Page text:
A motorway hard shoulder is a dangerous place to spend time. Recent figures released by the Highways Agency revealed that between 2011 and 2016 there were 403 collisions on Britain’s motorway hard shoulders. Over that five-year period there were hundreds of injuries and, sadly, 38 deaths.
All our technicians receive comprehensive training on what to do and how to behave on the hard shoulder. While it’s their job to spend time at the side of motorways, it’s also something every driver could have to face at some point in their car-owning career. For that reason, I’ve compiled five dos and fives don’ts for the motorway hard shoulder.
DO take care entering the hard shoulder
The figures suggest that nearly one in five (16 per cent) of hard shoulder collisions happen as cars pull off the main carriageway onto the hard shoulder. Indicate left and start moving to the left as soon as you feel your car is losing power. Once you’ve come to a halt put your hazard warning lights on.
DO watch where you stop
Motorways have emergency phones at approximately one-mile intervals. About every 100 yards between the phones there’s a marker post. If you can, stop near either a phone or post. The post will tell you which direction the nearest phone is. As soon as you use a phone the emergency services will have pinpointed your location. The marker posts also have a number. This means if you have a mobile phone you can tell the emergency services the number and again, they’ll know exactly where you are.
DO be careful how you stop
You’re on the hard shoulder now, pull your car as far to the left as possible. And when it finally comes to a halt, turn your steering wheel to the left. If your car is hit from behind, this ensures it hits the crash barrier or verge and doesn’t spear back onto the carriageway.
DO wear a reflective jacket
If you have them, wear hi-vis jackets. Buy enough for all the family over the internet and you’ll be very pleasantly surprised how cheap they are.
DO rejoin the carriageway carefully
According to the Highways Agency, 14 per cent of hard shoulder collisions took place as the vehicle rejoined the main carriageway. To do this safely, don’t just start the engine, indicate and pull right. First get up some speed. The noise this makes will be a bit unnerving with grit and stones pinging off the bottom of the car. Hard shoulders are covered in debris. Be aware that you might come across bits of exhaust pipe and other hard debris too. Then when you get to around 50mph, if it’s safe to do so, indicate right and pull onto the carriageway.
DON’T use the hard shoulder unless you must
As we’ve established being at the side of a motorway is a very dangerous place to be. That’s why stopping on the hard shoulder is only permitted in an emergency, if you break down or if a police officer tells you to. When I say emergency, little Johnny having a pee isn’t classed as a valid reason for using the hard shoulder. I know kids can be caught short, but parents must take some responsibility here. It’s up to them ‑ the adults ‑ to ensure that children use the loo at services or rest stops and don’t need to go between junctions on motorways. It’s why if you stop on the hard shoulder and it isn’t an emergency you could be fined up to £100.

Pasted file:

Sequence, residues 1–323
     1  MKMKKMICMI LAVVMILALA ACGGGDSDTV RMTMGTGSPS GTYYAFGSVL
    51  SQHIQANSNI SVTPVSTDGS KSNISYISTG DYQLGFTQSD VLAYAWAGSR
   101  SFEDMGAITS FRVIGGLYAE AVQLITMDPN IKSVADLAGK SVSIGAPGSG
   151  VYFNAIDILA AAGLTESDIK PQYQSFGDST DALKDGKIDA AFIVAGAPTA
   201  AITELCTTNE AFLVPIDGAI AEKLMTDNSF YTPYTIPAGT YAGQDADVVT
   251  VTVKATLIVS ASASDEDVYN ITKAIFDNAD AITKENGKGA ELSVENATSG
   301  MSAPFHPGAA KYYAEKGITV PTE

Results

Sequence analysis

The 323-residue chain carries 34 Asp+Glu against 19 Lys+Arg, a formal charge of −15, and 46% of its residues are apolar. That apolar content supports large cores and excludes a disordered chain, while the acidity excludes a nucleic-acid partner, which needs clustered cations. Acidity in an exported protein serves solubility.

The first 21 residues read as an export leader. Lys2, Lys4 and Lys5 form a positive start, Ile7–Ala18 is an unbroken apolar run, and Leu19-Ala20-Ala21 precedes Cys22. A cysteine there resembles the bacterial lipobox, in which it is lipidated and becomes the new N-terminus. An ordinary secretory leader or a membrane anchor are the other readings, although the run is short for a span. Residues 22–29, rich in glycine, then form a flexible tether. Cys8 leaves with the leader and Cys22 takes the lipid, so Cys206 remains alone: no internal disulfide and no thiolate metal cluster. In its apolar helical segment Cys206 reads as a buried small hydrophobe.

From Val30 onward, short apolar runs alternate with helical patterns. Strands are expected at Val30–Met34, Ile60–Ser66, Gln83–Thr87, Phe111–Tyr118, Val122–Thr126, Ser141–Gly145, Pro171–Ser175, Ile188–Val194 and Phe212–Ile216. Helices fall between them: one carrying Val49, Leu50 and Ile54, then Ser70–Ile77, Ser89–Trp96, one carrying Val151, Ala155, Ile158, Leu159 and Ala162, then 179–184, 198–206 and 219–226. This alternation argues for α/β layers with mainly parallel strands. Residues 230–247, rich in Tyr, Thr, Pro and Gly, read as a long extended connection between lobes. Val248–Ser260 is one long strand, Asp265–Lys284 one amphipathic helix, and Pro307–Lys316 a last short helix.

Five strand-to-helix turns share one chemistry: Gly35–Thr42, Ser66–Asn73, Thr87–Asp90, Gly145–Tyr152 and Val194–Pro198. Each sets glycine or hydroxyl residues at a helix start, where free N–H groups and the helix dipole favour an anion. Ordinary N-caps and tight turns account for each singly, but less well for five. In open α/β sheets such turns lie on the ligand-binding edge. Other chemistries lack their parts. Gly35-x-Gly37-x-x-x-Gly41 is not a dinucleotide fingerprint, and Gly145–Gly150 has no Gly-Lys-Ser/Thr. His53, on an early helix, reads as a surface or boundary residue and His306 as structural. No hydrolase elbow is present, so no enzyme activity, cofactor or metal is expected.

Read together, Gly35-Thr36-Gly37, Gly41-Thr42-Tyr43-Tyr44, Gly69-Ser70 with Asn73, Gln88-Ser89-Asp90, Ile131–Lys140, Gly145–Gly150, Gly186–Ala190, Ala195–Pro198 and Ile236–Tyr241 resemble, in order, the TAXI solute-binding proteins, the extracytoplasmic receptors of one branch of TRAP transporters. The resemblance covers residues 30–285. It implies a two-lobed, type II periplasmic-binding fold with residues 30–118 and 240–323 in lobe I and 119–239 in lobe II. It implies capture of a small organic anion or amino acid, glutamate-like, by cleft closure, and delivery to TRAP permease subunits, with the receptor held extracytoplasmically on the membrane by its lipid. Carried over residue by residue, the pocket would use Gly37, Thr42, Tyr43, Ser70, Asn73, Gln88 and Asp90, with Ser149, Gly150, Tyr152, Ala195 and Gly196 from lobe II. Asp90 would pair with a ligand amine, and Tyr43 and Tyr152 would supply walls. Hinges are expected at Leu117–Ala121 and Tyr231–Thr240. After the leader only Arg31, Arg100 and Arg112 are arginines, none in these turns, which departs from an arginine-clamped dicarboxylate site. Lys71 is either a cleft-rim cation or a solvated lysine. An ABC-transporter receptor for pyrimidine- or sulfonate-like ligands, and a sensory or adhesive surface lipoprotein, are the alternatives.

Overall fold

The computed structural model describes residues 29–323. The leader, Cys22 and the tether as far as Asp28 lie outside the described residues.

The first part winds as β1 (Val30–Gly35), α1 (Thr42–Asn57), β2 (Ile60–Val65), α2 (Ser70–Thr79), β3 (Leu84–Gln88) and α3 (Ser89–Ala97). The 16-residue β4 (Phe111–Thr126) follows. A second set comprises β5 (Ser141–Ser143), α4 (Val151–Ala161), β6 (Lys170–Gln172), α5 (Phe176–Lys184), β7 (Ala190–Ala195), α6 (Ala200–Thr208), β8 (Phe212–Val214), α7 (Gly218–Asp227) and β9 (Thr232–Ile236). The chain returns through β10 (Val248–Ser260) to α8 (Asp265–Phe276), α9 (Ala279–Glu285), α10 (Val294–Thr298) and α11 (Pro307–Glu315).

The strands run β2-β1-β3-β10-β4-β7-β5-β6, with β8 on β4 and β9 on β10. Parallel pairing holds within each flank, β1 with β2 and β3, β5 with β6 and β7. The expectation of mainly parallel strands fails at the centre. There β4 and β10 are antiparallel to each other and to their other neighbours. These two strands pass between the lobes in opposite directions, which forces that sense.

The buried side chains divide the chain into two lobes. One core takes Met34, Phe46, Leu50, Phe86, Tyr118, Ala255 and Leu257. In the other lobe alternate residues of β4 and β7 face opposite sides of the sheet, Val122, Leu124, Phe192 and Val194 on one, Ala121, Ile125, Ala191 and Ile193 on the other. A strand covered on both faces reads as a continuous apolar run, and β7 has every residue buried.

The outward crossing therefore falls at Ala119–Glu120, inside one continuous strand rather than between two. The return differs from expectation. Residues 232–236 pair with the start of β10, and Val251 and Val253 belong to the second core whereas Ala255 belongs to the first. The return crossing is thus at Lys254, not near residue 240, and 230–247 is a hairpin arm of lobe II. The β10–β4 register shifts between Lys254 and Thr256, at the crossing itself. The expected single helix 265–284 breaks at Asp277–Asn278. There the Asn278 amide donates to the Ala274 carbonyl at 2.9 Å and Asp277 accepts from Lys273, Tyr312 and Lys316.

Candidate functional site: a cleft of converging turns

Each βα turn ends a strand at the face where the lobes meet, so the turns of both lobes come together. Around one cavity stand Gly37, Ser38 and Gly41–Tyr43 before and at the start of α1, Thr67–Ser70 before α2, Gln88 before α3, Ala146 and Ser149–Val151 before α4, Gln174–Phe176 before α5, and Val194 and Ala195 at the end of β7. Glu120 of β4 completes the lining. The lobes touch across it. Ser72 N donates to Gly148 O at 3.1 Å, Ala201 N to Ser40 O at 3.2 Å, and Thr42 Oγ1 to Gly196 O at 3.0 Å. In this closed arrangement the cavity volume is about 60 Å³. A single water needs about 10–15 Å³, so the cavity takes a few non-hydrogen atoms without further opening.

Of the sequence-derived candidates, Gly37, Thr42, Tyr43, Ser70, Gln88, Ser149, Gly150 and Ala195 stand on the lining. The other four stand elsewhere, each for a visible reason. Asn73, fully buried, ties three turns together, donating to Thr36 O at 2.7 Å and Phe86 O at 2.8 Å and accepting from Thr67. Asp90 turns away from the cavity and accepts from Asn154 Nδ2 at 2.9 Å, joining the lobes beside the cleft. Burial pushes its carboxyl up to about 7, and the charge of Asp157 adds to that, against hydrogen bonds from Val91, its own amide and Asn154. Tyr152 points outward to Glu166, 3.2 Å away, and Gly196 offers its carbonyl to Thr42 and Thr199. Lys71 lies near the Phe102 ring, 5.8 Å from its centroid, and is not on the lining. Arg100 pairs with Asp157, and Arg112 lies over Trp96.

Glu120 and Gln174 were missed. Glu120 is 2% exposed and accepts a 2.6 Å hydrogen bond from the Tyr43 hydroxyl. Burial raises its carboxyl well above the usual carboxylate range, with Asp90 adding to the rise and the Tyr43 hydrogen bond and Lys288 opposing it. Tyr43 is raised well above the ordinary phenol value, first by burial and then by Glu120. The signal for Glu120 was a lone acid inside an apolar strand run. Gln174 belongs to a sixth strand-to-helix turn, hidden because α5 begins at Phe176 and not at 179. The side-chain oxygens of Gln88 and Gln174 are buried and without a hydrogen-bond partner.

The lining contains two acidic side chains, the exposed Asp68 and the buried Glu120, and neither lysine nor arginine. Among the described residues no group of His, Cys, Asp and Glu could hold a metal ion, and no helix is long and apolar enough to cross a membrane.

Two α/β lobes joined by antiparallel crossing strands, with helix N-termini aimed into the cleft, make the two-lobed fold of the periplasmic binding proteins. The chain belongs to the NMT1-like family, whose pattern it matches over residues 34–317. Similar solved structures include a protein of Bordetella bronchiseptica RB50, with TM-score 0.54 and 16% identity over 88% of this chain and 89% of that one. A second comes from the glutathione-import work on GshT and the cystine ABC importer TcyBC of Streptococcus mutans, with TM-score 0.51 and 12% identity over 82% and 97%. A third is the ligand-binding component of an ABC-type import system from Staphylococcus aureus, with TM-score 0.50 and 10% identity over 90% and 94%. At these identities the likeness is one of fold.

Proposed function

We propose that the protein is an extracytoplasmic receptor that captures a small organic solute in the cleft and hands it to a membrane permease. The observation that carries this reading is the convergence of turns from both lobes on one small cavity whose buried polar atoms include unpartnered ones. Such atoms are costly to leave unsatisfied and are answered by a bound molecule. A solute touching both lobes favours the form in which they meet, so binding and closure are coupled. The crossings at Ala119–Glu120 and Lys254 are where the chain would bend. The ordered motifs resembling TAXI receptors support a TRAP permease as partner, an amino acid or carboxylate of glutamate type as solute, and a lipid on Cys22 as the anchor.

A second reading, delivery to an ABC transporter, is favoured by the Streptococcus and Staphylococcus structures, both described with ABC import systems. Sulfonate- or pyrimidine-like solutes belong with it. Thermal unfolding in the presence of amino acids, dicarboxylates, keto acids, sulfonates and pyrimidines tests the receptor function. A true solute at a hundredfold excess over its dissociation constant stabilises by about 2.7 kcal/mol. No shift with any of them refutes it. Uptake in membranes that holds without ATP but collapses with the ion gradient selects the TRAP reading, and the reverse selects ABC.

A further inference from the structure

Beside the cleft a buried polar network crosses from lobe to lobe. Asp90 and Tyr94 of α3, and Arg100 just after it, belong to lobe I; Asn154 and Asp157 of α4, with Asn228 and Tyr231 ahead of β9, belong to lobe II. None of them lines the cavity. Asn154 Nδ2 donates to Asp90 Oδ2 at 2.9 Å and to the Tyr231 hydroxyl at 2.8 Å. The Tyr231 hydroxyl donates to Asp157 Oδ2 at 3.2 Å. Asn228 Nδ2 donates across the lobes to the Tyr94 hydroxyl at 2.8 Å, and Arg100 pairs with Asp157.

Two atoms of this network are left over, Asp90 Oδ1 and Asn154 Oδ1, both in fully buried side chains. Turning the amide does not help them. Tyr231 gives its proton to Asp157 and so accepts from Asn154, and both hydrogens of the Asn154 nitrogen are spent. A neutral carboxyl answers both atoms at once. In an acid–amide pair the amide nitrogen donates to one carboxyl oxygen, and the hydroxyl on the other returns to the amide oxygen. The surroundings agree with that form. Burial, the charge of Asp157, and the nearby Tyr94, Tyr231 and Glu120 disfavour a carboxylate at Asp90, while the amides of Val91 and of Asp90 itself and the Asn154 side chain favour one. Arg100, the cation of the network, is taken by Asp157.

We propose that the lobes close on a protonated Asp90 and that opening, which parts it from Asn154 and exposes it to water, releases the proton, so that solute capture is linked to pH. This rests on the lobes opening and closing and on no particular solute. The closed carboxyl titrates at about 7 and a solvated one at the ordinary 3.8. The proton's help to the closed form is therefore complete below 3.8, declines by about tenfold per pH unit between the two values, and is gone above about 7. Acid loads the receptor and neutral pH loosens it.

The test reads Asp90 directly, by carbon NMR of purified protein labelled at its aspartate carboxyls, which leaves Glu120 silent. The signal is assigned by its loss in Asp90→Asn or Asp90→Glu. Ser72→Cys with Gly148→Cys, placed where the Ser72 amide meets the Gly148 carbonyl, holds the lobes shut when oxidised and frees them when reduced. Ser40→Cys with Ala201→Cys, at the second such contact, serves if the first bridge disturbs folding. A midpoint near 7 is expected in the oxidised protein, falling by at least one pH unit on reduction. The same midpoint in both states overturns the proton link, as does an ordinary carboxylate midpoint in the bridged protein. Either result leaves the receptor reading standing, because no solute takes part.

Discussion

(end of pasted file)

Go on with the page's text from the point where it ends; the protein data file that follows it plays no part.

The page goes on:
DON’T stay in your car
According to the Highways Agency stats, 70 per cent of hard shoulder collisions occurred when a vehicle was stationary. Exit your vehicle quickly through the left-side door and stand on the other side of the crash barrier to the rear of your car. This is so that if your car is run into, you’re less likely to be hit by flying debris.
DON’T get out on a smart motorway
The above advice about getting out of your car should apply, but only when it’s safe. If, for example you’re on a smart motorway and you break down away from one of the refuge areas, you’ll put yourself in danger of being hit by moving traffic if you get out of your car. So stay put, with your seatbelt on and alert the emergency services as quickly as possible.
DON’T let pets out
I’m sorry, but Fido’s got to stay in the car. Pets and fast-moving traffic don’t mix. The last thing you want is to cause an accident with an over-excited dog rampaging around.
DON’T try to mend your car
Unless it’s an incredibly obvious, straightforward, and above all quick fix, our technicians never work on cars on the hard shoulder. Instead they will tow it off the motorway or to a service area where they can get it going again in comparative safety. You should follow this example and not even bother lifting the bonnet if you’re beside a motorway. After all, we’re the experts and we don’t do it.
Nick Reid is head of automotive technology at Direct Line Group and a fellow of the Institute of the Automotive Industry